Writing Workshop


Writing Workshop
Ganta, Kwani? British Council

On 15 April 2013, Granta announced its once-in-a-decade selection of the twenty best British novelists aged under forty. Granta’s first generation-defining list of writers was published in 1983 and set the bar for the following decades. Throughout 2013, the British Council and Granta are collaborating on an international showcase of contemporary British novelists. Kwani Trust will join this collaboration by co-hosting a three-day writing workshop led by Granta's Deputy Editor Ellah Allfrey from 19th – 21st June 2013 at British Council's offices in Upper Hill, Nairobi. Kwani Trust's Managing Editor Billy Kahora will host writers alongside Nadifa Mohamed and Adam Foulds, both published in Granta 123: Best of Young British Novelists. A public call-out for submissions to attend the writing workshop was circulated with entries closing during the week of 10th June 2013, and the following writers were selected to participate;

Nigeria - Richard Ali

South Africa - Tuelo Gabonewe

Uganda- Hellen Nyana

Zimbabwe- Novuyo Rosa Thushm


1. Abdul Adan

2. Mehul Gohil

3. Alexander Ikawah

4. Denis Kabi

5. Moses Kilolo

6. Timothy Kimutai

7. Brenda Mukami Kunga

8. Idza Luhumyo

9. Anne Moraa

10. Gachagua Clifton Mwangi

11. Nicholas Ochiel

12. Okwiri Oduor

13. Richard Oduor

14. Wambui Wairua

15. Zak Njeri Waweru

16. Samuel Munene

17. Mwas Mahugu


A corresponding workshop for Literature Programmers will be led by Granta's Publicity Associate Saskia Vogel & Kwani Trust's Executive Director Angela Wachuka with participants from Uganda, Nigeria, Zimbabwe & South Africa.

A native of Nairobi, Ngwatilo has steadily built a name for herself as a poet, performer, actress and musician. In 2010 she published her first collection of poems, "Blue Mothertongue", set in Nairobi and the African diaspora around notions of home and identity. The work was produced with the support of a St. Lawrence University fellowship. Critics say the work is “crafted with beautiful pace and intelligence,” that it is “a worthy testament of her times.” Ngwatilo’s work has been translated into Swedish and German, and published in English literary journals in Kenya and abroad. Ngwatilo has presented her work at major African and European festivals, including Zimbabwe’s HIFA,  South Africa’s Poetry Africa Festival and SADC tour, Berlin’s International Poetry Festival and other festivals in The Netherlands, Sweden and Germany. In 2013 she was an Artist-in-Residence at Bundanon Trust in Australia.  Ngwatilo’s current work is  based on the 70 (and counting) days she’s spent across Kenya living with rural families. It’s a followup to her 2010 book, “Blue Mothertongue.” Ngwatilo has performed on stages across Africa, Europe and Australia, often collaborating with other artists to ‘tell’ poetry in an aesthetic she dubs “Puesic” [pew-zik]. Her album “Introducing Ngwatilo” showcases some of her solo work and collaborations.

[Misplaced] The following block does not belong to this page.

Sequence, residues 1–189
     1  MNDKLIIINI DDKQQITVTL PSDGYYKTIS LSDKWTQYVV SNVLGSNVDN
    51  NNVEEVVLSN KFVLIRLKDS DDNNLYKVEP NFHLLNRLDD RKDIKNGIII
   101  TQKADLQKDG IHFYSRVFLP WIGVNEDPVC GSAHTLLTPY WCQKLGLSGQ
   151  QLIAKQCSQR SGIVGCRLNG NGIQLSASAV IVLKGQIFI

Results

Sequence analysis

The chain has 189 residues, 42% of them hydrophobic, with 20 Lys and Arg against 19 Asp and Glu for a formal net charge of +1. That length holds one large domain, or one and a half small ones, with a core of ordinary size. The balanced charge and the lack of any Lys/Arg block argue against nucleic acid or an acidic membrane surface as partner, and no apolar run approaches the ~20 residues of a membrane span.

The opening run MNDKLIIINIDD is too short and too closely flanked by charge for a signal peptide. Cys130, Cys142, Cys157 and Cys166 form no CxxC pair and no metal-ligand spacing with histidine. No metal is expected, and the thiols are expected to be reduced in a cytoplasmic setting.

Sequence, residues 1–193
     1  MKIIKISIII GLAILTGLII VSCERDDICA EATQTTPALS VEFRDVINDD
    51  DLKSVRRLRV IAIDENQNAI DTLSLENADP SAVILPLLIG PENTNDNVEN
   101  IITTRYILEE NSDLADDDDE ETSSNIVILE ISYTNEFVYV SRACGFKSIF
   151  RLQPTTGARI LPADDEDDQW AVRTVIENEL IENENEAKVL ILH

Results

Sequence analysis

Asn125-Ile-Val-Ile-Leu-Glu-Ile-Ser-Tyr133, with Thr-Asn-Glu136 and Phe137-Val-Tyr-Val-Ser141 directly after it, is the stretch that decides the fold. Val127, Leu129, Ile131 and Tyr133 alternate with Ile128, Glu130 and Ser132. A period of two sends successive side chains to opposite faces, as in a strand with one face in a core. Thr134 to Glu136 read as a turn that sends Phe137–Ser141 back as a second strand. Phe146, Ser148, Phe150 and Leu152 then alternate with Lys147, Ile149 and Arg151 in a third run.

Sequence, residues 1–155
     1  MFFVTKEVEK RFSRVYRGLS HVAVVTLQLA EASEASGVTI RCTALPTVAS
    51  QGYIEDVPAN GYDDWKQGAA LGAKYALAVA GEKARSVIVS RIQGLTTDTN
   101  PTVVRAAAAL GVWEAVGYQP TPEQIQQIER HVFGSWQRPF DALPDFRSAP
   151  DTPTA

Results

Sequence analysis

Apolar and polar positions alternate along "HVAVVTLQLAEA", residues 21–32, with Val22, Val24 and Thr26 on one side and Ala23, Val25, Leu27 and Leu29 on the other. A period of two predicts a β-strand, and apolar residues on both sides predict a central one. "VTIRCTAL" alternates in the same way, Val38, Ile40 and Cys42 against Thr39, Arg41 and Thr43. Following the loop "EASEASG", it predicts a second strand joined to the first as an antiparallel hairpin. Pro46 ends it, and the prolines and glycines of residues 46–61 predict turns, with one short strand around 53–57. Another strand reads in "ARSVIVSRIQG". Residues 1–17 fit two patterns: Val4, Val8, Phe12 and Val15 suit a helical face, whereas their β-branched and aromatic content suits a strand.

Music by Winyo
Born Shiphton Onyango, Winyo adopted his artistic name ‘Winyo’, which is a Luo word for bird. His musical style ranges from traditional Luo melodies infused with witty story lines, afro fusion and afro jazz, to a contemporary interpretation of Benga, transformed into an authentic acoustic sound. Winyo started off as part of the critically acclaimed and accomplished trio named ‘Rateng’ (which means Black in Luo), cutting his teeth as the composer, vocalist and guitarist of the group. Winyo was instrumental in the writing and composing of the group’s album titled ‘Thumology’, which was released in 2009. In 2010, Winyo was shortlisted as one of the ten finalists in the Radio France International (RFI) Discoveries. He went on to be the overall first runners up. This was followed by a second nomination and top ten shortlisting in RFI Discoveries in 2011.In 2012, Winyo was nominated for the Rolex Arts Initiative for a mentor and protege programme. Winyo went on to be invited as one of the four finalists who travelled to Rio De Janeiro in Brazil to meet with the legendary Gilberto Gil. 

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